Fast Fact and Concept #84: Swallow Studies, Tube Feeding and the Death Spiral

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Title: Fast Fact and Concept #84: Swallow Studies, Tube Feeding and the Death Spiral

Author(s): Weissman David E

The reflex by families and doctors to provide nutrition for the patient who cannot swallow is overwhelming. It is now common practice for such patients to undergo a swallowing evaluation and if the patient "fails", to move forward with feeding tube placement (NG, JG). Data suggests that placement of feeding tubes has an in-hospital mortality of 15-25%, and one year mortality of 60%. Not surprisingly, predictors of early mortality include: high age, CNS pathology (CVA, dementia), cancer-except early stage Head/Neck cancer, disorientation, and low albumin.

The clinical scenario, the tube feeding death spiral, typically goes like this:

1. Hospital admission for complication of "brain failure" or other predictable end organ failure due to primary illnesses (e.g. Urosepsis in setting of advanced dementia)
2. Inability to swallow and/or direct evidence of aspiration and/or weight loss with little po intake
3. Swallowing evaluation followed by a recommendation for non-oral feeding either due to aspiration or inadequate intake
4. Feeding tube placed leading to increasing "agitation" leading to patient-removal or dislodgement of feeding tube
5. Re-insertion of feeding tube; hand and/or chest restraints placed
6. Aspiration pneumonia
7. Intravenous antibiotics and pulse oximetry
8. Repeat 4. - 6. one or more times
9. Family conference
10. Death

Note: at my institution, the finding of a dying patient with a feeding tube, restraints and pulse oximetry, is known as Weissman's triad.


  1. Recognize that the inability to maintain nutrition through the oral route, in the setting of a chronic life-limiting illness and declining function, is usually a marker of the dying process. Discuss this with families as a means to a larger discussion of overall end of life goals.
  2. Ensure that your colleagues are aware of the key data and recommendations on tube feedings (see below; see Fast Fact #10: Tube Feed or Not Tube Feed).
  3. Ensure there is true informed consent prior to feeding tube insertion?families must be given alternatives (e.g. hand feeding, comfort measures) along with discussion of goals and prognosis.
  4. Assist families by providing information and a clear recommendation for or against the use of a feeding tube. Families who decide against feeding tube placement can be expected to second guess their decision and will need continued team support.
  5. If a feeding tube is placed establish clear goals (e.g. improved function) and establish a timeline for re-evaluation to determine if goals are being met (typically 2-4 weeks).


Finucane TE, et al. Tube feeding in patients with advanced dementia. JAMA. 1999; 282:1365-1369.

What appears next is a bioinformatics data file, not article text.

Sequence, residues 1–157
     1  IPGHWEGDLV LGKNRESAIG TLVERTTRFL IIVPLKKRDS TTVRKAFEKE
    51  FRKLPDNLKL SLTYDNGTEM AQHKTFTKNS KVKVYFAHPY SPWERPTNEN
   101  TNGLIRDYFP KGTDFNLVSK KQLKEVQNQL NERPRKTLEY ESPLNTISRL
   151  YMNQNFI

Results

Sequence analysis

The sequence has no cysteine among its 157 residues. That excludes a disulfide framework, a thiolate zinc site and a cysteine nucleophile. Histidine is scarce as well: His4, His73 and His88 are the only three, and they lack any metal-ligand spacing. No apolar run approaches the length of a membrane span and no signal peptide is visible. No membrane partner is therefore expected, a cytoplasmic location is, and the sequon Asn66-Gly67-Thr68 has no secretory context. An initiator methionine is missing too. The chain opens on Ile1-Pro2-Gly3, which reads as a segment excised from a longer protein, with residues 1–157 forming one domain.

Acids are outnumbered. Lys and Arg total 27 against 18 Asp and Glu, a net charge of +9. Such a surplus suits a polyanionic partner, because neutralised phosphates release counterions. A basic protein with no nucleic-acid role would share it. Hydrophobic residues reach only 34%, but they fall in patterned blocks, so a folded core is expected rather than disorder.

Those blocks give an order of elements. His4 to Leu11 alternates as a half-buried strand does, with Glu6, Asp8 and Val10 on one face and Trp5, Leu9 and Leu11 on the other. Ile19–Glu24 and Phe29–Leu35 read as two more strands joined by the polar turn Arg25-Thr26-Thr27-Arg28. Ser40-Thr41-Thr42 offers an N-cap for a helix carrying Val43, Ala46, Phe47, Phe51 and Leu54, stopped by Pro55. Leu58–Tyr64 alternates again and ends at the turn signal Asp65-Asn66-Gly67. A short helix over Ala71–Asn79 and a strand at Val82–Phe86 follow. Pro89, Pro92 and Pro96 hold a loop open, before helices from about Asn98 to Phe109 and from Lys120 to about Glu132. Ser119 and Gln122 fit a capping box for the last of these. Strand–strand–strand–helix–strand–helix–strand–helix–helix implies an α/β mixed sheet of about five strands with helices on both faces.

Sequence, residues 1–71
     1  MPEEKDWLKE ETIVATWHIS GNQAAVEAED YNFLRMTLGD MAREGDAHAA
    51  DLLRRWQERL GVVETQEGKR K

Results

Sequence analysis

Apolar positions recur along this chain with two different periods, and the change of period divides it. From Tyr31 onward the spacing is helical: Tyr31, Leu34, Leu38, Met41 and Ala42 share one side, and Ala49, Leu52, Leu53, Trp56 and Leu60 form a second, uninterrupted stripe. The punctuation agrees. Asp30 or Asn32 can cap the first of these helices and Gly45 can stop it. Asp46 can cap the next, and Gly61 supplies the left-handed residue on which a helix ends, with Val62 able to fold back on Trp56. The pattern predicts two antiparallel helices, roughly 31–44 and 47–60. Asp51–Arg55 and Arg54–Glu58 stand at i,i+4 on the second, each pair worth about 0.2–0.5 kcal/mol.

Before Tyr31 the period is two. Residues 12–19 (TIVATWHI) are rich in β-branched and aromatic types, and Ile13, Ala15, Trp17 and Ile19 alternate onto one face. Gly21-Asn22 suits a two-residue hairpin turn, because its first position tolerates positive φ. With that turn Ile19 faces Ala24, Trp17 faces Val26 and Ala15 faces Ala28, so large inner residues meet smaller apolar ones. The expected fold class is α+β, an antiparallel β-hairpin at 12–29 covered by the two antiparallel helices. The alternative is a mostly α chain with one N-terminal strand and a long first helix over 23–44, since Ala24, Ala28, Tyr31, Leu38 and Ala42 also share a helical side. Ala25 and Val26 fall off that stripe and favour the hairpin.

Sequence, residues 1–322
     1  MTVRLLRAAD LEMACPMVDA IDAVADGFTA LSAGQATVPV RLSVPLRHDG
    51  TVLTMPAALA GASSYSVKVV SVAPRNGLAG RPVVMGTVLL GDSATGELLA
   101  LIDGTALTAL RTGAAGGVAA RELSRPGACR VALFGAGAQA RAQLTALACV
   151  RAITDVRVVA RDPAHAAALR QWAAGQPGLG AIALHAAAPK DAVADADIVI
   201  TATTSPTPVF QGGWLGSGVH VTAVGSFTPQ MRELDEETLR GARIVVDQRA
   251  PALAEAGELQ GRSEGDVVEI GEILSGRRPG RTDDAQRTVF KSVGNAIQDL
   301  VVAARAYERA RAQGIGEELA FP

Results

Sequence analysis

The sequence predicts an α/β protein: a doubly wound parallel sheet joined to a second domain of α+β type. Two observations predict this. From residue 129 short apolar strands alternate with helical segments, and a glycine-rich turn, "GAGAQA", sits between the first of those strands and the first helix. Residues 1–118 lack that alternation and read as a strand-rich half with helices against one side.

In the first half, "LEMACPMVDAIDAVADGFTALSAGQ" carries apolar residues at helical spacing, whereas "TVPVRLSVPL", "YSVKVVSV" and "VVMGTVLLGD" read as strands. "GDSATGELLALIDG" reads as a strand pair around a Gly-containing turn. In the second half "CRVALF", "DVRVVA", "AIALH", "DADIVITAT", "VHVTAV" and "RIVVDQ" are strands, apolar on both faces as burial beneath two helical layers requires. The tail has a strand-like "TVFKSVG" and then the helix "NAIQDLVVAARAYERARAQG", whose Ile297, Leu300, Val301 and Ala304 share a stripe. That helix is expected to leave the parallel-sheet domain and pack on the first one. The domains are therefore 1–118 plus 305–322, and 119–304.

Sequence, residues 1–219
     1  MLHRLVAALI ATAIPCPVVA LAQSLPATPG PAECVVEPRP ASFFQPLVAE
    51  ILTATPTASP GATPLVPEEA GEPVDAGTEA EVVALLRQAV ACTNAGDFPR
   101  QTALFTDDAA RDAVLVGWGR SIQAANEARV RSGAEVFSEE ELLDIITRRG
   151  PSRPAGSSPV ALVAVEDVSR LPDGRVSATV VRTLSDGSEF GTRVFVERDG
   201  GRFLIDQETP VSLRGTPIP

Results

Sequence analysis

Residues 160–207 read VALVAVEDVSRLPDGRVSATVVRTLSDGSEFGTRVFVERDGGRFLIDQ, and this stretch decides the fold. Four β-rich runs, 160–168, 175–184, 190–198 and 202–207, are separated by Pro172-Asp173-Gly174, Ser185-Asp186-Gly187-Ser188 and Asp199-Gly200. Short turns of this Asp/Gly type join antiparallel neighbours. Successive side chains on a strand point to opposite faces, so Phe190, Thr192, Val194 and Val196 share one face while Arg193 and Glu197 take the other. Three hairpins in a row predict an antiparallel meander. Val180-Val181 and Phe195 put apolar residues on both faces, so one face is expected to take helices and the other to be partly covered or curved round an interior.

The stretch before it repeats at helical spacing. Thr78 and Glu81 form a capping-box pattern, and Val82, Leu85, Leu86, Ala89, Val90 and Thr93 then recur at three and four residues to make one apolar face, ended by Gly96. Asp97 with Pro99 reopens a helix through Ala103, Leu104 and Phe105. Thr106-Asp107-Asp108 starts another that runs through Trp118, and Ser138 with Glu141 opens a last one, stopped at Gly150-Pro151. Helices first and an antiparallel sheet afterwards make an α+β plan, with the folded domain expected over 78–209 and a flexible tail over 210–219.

Finucane TE, Bynum JP. Use of tube feeding to prevent aspiration pneumonia. Lancet. 1996; 348:1421-24.

Cowen ME Et al. Survival estimates for patients with abnormal swallowing studies. JGIM 1997; 12:88-94.

Rabeneck L, et al. Long term outcomes of patients receiving percutaneous endoscopic gastrostomy tubes. JGIM 1996; 11:287-293.

Grant MD, et al. Gastrostomy placement and mortality among hospitalized Medicare beneficiaries. JAMA 1998;279:1973-1976.

Copyright and Referencing Information: Users are free to download and distribute Fast Facts for educational purposes only. Citation for referencing. Fast Facts and Concepts #85 . Swallow studies, tube feeding and the death spiral. Weissman, DE; February 2003. End-of-Life Physician Education Resource Center www.eperc.mcw.edu.

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Creation Date: 2/2003

Format: Handouts

Purpose: Instructional Aid, Self-Study Guide, Teaching

Training: Fellows, 3rd/4th Year Medical Students, PGY1 (Interns), PGY2-6, Physicians in Practice
Specialty: Anesthesiology, Emergency Medicine, Family Medicine, General Internal Medicine, Geriatrics, Hematology/Oncology, Neurology, OB/GYN, Ophthalmology, Pulmonary/Critical Care, Pediatrics, Psychiatry, Surgery
Non-Physician: Clergy/Chaplains, General Public, Graduate Students, Lawyers, Patients/Families, Nurses, Social Workers

ACGME Competencies: Medical Knowledge, Patient Care

Keyword(s): Advance directives, Antibiotics, Assisted suicide/euthanasia, Autopsy/organ donation, Blood products, Clinical interventions, Cross-cultural care, Decision making capacity/surrogates, Do not rescucitate orders, Ethics, Hydration, Informed consent, Interventional procedures, Non-oral feeding, Radiation or chemotherapy, Rehabilitation, Surgery, Treatment withdrawal, Treatment withholding

The Fast Facts series is distributed for educational use only and does not constitute medical advice. For the most current version of Fast Facts visit the EPERC web site at www.eperc.mcw.edu. This mirror version is provided subject to copyright restrictions for educational use within the Inter-Instutional Collaborating Network on End-of-Life Care (IICN).